ering the facilities for travelling. We therefore decided we would not have a big wedding, which in those days must be followed by a round of festivities, lasting sometimes a fortnight. At high noon, on the 27th of November, 1855, in the presence of a party of intimate friends and a number of Logan's associates at the bar, we were married by Hon. W. K. Parish, judge of the circuit court of the third judicial district of Illinois. After a bridal breakfast, accompanied by Judge Parish, Hon. W. J. Alien, Mr. Logan's law partner, Hon. N. C. Crawford, and my father, we departed for Benton, Franklin County, Illinois. The journey was made in buggies, two persons in each. The roads were almost impassable. At a little inn on the way to Shawneetown, in the small town of Equality, distant about twelve miles, Mr. Logan had made arrangements for the night. The innkeeper was much elated over the order which he had received, and he, his good wife, and their assistants had been very busy with t
Josie Goddard (search for this): chapter 2
he opportunities we had were of the most primitive character;--but, underlying them all was the lovely spirit of devotion, purity, and tenderness of the dear sisters, which made the simplest exercises beautiful and attractive. In those days we had the cabins of the slaves in the rear of the main buildings of the school. I remember very distinctly some of the pranks in which Sallie Cotton, the Van Landinghams, the Cunninghams, the Lunsfords, the Spauldings, Annie Casey, Mollie Poole, Josie Goddard, Mary Kuykendall, myself, and a host of happy, unaffected, sweet girls indulged. We used to take our finery and deck out the pickaninnies and mammies in harlequin colors, and enjoyed seeing them sally forth to attend parties, religious meetings, and to make visits among their colored friends. Memory brings back incidents in the lives of these slaves that are as vivid as if I had witnessed them yesterday. Nearly, if not all, of the negroes belonged to the slaveholders in the neighbo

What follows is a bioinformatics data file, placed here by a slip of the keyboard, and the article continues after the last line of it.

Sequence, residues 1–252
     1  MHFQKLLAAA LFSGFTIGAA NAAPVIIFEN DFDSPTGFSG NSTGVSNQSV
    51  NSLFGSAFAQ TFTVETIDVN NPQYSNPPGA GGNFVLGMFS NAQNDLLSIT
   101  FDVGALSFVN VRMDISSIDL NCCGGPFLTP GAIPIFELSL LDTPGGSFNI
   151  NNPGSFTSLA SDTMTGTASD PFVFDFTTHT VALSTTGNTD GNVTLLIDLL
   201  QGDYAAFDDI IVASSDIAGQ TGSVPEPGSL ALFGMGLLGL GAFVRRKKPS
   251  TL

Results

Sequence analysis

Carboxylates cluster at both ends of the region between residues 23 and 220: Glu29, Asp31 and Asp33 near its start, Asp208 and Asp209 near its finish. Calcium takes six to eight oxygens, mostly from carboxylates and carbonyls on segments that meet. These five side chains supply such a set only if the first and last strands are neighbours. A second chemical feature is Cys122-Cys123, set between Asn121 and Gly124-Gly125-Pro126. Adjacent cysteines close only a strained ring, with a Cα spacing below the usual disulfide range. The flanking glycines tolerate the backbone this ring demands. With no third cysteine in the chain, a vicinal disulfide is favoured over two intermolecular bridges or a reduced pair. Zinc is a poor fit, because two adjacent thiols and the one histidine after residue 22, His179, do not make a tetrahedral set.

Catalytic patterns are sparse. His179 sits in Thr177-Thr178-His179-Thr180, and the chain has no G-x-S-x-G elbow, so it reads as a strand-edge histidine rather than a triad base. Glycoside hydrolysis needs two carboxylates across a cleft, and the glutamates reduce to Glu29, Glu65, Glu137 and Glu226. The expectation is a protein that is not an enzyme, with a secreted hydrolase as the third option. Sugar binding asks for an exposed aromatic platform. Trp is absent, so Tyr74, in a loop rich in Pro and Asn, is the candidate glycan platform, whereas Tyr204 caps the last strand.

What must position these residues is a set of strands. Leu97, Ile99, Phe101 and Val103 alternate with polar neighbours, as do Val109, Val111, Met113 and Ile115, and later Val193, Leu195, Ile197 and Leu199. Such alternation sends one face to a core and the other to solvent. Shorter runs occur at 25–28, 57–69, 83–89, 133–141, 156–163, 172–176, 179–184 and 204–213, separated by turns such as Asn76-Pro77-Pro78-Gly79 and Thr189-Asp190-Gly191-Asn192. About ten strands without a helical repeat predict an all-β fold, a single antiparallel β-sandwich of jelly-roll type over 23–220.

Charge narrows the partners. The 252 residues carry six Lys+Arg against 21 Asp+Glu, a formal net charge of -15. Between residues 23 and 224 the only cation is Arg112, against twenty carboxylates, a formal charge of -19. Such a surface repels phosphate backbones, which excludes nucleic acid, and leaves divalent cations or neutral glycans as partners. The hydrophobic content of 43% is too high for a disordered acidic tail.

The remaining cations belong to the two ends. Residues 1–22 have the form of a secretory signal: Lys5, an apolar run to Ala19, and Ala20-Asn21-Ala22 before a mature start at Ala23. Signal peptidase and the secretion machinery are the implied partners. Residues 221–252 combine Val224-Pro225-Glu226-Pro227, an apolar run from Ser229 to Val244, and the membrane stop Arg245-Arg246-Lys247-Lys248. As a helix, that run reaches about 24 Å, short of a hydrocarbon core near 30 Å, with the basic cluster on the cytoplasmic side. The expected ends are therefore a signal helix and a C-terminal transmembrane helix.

uestrian contest described in the foregoing, when she rode with General Logan's brother, William, both of whom were fine riders, but too dignified to descend to the Comanche style of their rivals from the country. The following extract will serve to show how much the town of Benton has progressed since the days of the war: Recently a member of our Self Culture Club entertained us in her new beautiful home upon the site of the old Floral Hall where long ago exaggerated pumpkins, squashes, beets, and other farm products, with great bunches of zinnias, hollyhocks, and coxcombs, competed for blue ribbons. It seems rather an odd coincidence that in the spacious reception-hall a beautiful Carrara marble Ceres smiles from a wealth of fruit and flowers, illumined with tiny incandescents. The old race-track makes a fine drive. Where the judges' stand was is a lovely pergola. The stock pond in summer is a fragrant lily pond. It all makes a beautiful environment for my lovely friend.
Annie Casey (search for this): chapter 2